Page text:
Oren Kessler
Author, “Palestine 1936”

Terrorism and tourism in Egypt

Unidentified gunmen on motorcycles killed two members of the tourist police Wednesday at Egypt’s iconic pyramids of Giza. Egypt has experienced hundreds of attacks since the 2011 downfall of President Hosni Mubarak, mostly against state infrastructure and personnel. An expansion of terrorism to the Egyptian tourism industry, however, would strike a grievous blow at the country’s fragile efforts to rehabilitate its battered economy and tattered international image.

For Egyptians, Wednesday’s attack will doubtless dredge up memories of the waves of terror attacks in the 1990s and 2000s, and the drops in tourist numbers that ensued. On November 17, 1997, gunmen murdered 62 tourists, mainly European and Japanese, at Luxor’s ancient Temple of Hatsheput. The incident prompted a crackdown on Islamists and renewed focus on security – including the creation of the very tourist police whose members were gunned down on Wednesday.

In the 2000s, militants shifted their targets to the resorts of the Sinai Peninsula. In 2004, twin bombings in Taba and Ras al-Shaitan killed 34 (mostly locals and Israeli tourists). An attack the following year in Sharm el-Sheikh killed 88 people including dozens of foreigners, and yet another a year later in Dahab killed 23, among them five tourists.

Tourism is a pillar of Egypt’s economy – “our religion, our food,” as one Cairo papyrus seller put it. In Luxor, where tourism dropped sharply after the 1997 massacre, as many as 90 percent of the population depend on tourism for their livelihood.

In 2010, the last year before Mubarak’s ouster, it accounted for 12 percent of Egyptian jobs, a similar proportion of GDP and one-fifth of foreign-currency revenues. The 15 million tourists who visited the country that year contributed $12.5 billion to Cairo’s coffers. Tourism suffered from the unrest that accompanied the revolution against Mubarak, with visitors dropping fully 45 percent and hovering around just 10 million during most of the years since.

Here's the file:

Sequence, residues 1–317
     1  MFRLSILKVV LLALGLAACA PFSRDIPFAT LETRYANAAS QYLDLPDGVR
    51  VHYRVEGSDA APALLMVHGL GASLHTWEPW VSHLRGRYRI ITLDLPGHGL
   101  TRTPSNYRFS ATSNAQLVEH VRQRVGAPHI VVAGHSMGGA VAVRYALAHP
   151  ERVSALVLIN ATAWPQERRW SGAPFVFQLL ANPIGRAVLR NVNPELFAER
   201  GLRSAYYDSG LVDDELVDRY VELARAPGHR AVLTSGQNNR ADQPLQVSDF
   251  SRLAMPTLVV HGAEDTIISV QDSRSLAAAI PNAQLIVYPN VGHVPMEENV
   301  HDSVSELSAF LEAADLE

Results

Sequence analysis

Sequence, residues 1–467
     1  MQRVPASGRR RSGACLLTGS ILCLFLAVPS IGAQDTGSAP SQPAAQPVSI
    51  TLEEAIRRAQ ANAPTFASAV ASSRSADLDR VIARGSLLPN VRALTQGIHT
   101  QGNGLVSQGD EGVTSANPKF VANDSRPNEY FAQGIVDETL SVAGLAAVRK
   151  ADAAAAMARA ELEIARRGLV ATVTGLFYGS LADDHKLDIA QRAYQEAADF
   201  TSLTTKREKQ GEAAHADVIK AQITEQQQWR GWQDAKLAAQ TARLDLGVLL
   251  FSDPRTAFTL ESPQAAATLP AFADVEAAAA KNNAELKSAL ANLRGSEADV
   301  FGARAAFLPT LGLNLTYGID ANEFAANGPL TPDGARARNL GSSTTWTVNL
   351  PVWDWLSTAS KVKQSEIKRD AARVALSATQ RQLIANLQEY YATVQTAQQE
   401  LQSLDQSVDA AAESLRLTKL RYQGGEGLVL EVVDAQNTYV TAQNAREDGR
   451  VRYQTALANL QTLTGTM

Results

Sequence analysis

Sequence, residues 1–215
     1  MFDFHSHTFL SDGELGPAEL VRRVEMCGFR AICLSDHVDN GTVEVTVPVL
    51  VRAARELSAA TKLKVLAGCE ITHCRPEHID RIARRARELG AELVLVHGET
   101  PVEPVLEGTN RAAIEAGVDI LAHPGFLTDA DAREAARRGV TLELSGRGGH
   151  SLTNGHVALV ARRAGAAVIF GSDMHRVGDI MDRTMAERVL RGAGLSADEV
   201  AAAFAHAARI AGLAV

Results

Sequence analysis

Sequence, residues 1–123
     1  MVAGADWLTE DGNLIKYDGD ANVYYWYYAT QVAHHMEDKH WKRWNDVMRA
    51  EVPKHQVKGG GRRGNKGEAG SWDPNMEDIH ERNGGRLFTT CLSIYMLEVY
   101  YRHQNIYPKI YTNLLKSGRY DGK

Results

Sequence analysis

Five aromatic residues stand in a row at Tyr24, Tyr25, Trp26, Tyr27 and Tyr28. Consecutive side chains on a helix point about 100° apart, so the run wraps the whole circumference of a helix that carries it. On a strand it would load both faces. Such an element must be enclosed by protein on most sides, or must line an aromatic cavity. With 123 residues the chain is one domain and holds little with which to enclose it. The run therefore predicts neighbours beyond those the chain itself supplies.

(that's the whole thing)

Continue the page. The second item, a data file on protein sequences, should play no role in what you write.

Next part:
The latest attack, however, comes as Egyptian tourism appears to be experiencing a rebound. The first three months of this year saw a 7-percent rise in visitors compared to the same period last year, and the Tourism Ministry says summer and fall bookings indicate a year-long total of 12 million – higher than any year since the revolution.

More broadly, Egypt’s once-foundering economy is slowly rising from the abyss. President Abdel-Fattah al-Sisi has cut costly fuel and food subsidies, cut red tape on investments, instructed the Central Bank to tackle the black market in foreign currencies and vowed to bring unemployment under 10 percent.

His efforts are beginning to bear fruit. In May, the ratings agency Standard & Poor’s revised Egypt’s country outlook from stable to positive, predicting real GDP growth over the next three years of 4.3 percent – double the average of the four years since the revolution. Meanwhile, the government’s suspension of the capital gains tax sent stocks soaring 6.5 percent in a single day.

Still, no economic turnaround will be complete without a recovery in tourism. The U.S. State Department currently urges citizens to exercise caution in traveling to the country, and advises against any non-essential travel in Sinai, where an insurgency by Islamic State-linked militants has raged since the military ouster of Muslim Brotherhood president Mohamed Morsi in July 2013. At the same time, shadowy pro-Brotherhood groups calling themselves Ajnad Misr (“Soldiers of Egypt”) and the “Popular Resistance Movement” are increasingly targeting the populous mainland, including Cairo, Alexandria and the cities of the Nile Delta. The government accuses the now-banned Brotherhood of responsibility for virtually every attack, but the extent to which the group is actually orchestrating the violence remains unclear.

What is clear is that continued terrorism, particularly against tourists, has the capacity to set back the fragile gains Cairo has made in restoring stability and reviving its economy. For Egypt, persuading visitors to come soak up the country’s sights and sun will require convincing them beyond a reasonable doubt that traveling to the land of the Pharaohs will not be a one-way ticket.

About the Author
Oren Kessler is author of “Palestine 1936: The Great Revolt and the Roots of the Middle East Conflict,” one of the Wall Street Journal’s 10 Best Books of 2023